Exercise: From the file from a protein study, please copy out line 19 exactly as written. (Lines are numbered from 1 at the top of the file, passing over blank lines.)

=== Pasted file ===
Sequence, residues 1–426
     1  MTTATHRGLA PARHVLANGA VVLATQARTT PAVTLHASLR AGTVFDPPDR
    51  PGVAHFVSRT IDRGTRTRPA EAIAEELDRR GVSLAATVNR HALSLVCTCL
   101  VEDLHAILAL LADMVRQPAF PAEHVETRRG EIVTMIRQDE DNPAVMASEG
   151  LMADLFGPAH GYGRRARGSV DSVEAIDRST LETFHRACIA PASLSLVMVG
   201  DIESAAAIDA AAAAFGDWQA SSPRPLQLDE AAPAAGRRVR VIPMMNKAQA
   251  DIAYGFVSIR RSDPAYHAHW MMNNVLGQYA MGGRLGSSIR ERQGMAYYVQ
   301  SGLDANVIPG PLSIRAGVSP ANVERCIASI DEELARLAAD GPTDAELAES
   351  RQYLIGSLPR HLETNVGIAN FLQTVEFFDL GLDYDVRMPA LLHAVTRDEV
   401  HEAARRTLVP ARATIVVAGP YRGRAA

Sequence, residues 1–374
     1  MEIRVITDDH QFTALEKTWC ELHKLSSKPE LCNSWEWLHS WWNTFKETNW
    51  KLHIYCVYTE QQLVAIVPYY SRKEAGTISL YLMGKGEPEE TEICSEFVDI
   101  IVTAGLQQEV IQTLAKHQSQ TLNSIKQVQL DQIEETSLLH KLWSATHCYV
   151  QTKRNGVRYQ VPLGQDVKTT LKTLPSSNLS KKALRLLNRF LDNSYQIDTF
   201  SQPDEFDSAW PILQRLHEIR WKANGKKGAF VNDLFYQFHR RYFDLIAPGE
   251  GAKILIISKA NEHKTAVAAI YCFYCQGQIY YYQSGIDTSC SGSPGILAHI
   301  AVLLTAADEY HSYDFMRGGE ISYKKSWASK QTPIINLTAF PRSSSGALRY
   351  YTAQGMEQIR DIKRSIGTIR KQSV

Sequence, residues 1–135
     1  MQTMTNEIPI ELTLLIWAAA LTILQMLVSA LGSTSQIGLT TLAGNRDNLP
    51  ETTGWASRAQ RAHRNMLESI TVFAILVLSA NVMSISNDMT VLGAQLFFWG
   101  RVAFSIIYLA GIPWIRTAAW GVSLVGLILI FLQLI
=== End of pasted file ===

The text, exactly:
   351  YTAQGMEQIR DIKRSIGTIR KQSV